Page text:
A case for uniform courts

Recent victories by foreign stars emphasize an old need: surfaces that favor nobody
April 11, 1960

Neale Fraser loses to Ulf Schmidt of Sweden at San Juan and to Mike Davies of England at Caracas. A graceful Spaniard named Andres Gimeno wins the championship in Venezuela. Big Barry MacKay, whose booming service makes him king on the slick hardwood of the Seventh Regiment Armory National Indoor Championships, is a pushover in the Caribbean—beaten in the middle rounds from San Juan to Barranquila.

This is the face of amateur tennis in the winter and early spring of 1960. More specifically, it is the face of tennis on composition courts, where the ball bounces evenly and where players from countries that have no grass or indoor courts of their own are at their best.


Put Fraser, the Australian Davis Cup ace, on a turf court with his slashing, high-kicking delivery and there's probably no amateur in the world who can take him. But put him on a clay or composition court—a surface familiar to his opponent—and he is just another of the top-line contenders. Maybe he wins today, tomorrow he loses.

The same is true of his teammate Roy Emerson and of Barry MacKay and others of the grass-court school. Giants at Wimbledon and Forest Hills, they are men of lesser stature when their big weapons—the lightning speed and unpredictable bounce of grass—are denied them.

If nothing else this year, the Caribbean circuit—with virtually all the top stars of the diminishing amateur ranks in attendance—has brought an old sore spot of the game forcibly to the front again. When are the tennis fathers going to get wise and standardize the surface of the tennis court?

Suppose the world's top soccer teams came up to the Olympic Games at Rome this summer and Avery Brundage handed them a square ball, telling them, "Boys, I know you have been playing with a round ball. But this is the Olympics. So you have to play with a square ball."


This may sound ridiculous but it is no more so than holding the preliminary rounds of the Davis Cup tennis competition on clay surface, and once a team reaches the final rounds forcing it to shift to grass. On clay, tennis is a ground game. Because of slow bounces, it is difficult to put the ball away. There are more rallies and better retrieves. On grass, which is extremely fast, tennis is a game in the air, with serve and volley dominating the play.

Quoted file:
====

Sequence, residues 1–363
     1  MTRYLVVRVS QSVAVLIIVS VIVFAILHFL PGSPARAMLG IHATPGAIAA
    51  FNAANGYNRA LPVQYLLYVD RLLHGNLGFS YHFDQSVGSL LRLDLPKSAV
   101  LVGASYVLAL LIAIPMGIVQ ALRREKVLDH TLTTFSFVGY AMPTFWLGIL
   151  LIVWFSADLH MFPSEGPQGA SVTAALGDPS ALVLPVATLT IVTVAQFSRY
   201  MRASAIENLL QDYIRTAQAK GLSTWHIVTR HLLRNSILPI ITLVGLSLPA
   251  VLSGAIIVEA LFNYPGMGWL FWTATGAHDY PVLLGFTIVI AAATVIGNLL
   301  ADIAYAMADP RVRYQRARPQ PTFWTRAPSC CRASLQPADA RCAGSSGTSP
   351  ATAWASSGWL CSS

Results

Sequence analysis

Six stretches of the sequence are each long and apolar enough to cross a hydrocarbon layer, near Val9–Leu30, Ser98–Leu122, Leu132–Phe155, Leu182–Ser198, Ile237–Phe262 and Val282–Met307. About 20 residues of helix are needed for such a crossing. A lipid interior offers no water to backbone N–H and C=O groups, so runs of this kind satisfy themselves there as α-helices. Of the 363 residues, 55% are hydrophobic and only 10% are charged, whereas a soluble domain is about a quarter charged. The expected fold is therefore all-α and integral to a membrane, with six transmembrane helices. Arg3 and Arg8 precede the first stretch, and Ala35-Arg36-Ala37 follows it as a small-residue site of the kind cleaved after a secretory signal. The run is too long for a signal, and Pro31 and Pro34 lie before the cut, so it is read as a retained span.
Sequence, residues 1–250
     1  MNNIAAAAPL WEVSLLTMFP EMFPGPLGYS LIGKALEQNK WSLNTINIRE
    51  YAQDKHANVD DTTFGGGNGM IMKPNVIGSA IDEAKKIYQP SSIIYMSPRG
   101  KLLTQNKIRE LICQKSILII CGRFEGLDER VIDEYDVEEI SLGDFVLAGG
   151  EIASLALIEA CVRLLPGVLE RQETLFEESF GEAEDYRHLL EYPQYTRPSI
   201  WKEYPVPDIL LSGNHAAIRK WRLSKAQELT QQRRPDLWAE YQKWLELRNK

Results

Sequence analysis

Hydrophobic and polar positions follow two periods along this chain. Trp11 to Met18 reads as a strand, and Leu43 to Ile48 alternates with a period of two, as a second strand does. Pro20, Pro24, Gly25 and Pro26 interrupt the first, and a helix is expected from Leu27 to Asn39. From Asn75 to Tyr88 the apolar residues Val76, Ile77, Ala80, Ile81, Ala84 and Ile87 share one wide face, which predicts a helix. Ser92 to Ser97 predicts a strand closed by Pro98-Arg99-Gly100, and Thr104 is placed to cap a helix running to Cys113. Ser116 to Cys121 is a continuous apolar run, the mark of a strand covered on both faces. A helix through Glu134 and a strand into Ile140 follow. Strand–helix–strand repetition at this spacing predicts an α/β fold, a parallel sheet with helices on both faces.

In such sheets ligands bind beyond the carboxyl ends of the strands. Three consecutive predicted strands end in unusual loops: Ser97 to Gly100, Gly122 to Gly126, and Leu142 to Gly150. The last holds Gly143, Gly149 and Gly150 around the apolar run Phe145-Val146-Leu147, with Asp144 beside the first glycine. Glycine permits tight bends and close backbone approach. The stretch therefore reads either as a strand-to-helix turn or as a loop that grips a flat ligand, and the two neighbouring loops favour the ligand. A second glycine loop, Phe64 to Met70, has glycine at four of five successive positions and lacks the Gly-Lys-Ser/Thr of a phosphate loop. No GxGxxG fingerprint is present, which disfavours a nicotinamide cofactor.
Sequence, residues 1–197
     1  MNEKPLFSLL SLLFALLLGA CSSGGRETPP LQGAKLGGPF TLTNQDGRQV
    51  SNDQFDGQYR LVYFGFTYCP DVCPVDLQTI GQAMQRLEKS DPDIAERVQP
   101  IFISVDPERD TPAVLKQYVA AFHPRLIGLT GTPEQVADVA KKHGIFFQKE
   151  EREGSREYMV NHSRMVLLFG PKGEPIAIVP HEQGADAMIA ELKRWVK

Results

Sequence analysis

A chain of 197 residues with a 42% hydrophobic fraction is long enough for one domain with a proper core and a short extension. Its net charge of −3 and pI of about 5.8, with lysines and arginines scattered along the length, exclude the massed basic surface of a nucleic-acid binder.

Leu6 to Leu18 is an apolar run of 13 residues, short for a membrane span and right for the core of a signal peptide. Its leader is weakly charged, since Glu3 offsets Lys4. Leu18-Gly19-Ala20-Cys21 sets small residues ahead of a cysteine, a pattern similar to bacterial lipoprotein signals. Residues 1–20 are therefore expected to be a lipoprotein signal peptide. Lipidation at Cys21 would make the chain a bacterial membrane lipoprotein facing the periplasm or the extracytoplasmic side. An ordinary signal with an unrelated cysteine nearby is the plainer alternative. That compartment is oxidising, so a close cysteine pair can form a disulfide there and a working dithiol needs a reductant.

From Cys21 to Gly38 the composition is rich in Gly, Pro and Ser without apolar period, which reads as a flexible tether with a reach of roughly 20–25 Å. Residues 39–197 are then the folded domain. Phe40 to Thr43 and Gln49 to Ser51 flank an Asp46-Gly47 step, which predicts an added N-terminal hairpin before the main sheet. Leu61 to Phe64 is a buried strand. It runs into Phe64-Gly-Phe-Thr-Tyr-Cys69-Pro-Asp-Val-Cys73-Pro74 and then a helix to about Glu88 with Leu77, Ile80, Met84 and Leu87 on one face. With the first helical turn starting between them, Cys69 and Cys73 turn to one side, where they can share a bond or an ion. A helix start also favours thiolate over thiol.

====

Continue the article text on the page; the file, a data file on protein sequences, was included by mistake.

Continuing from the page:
About 30 countries compete annually for the silver bowl which symbolizes world tennis supremacy. Of these, only the U.S., Australia, Canada and England are accustomed to grass. Turf is foreign to the others. It isn't surprising, therefore, that the last 16 Challenge Rounds have been between the U.S. and Australia, and that Britain was in the four finals before those (1934-37).

Teams from Italy, Spain, Sweden, Denmark and even Mexico give up tremendous odds in shifting to grass courts. I recall the Italians, after absorbing a beating in an interzone match on grass, complaining bitterly: "Oh, if we could only have played you in Italy. It would be very different."

It might have been, too. Nicola Pietrangeli, Orlando Sirola & Co. can be awfully tough in their own lair.

What team did Harry Hopman of Australia fear most in challenging this past year in the American Zone? It was Mexico—on Mexico's unique composition surface. Hopman, as it turned out, had reason to worry. In the most exciting of the year's series, the Mexicans came close to winning all four singles matches.

Of course, should one of the grass-poor countries wrest the title away, it would be equally hard for the Australians or Americans to get it back. Many of us remember well how the French with their celebrated "Four Horsemen," Rene Lacoste, Jean Borotra, Henri Cochet and Jacques Brugnon, held the Davis Cup for six years from 1927 through 1932 on Paris clay, keeping even the great Bill Tilden at bay.

The grass tennis court is a holdover from the hoopskirt-and-bustle days. There are few remaining in the world, and those that do exist are deteriorating because of the expense of upkeep. Grass continues to represent the epitome of topflight tennis only because hard-core traditionalists refuse to change.

Tradition is wonderful. I am for it—in its place. There is no reason why smaller tournaments cannot be held on the grass at Wimbledon, at Forest Hills and at Kooyong and White City in Australia. But for the common people and the big championships, let us turn to something else.

We can't adopt clay. Like grass, it is expensive to keep up, and its slowness would take some of the speed and zing out of a game which has become jet-powered.

The ideal surface is one of those new combination asphalt jobs. With our tremendous strides in engineering and plastics, it is possible to devise a perfect court—one with the bounce of a grass court but with the sureness of clay. You would always get a true bounce—not a tricky one, as on grass, which destroys the confidence and stroking rhythm of the players accustomed to clay.

If a uniform surface were adopted, the nationals could be moved to Los Angeles, where it is prohibitively expensive to build a grass court, to Denver and Houston and Chicago. A big part of America now is playing on the combination-asphalt surfaces. Europe is swinging in that direction. Acceptance of the surface by the United States Lawn Tennis Association could be a terrific boost to the game.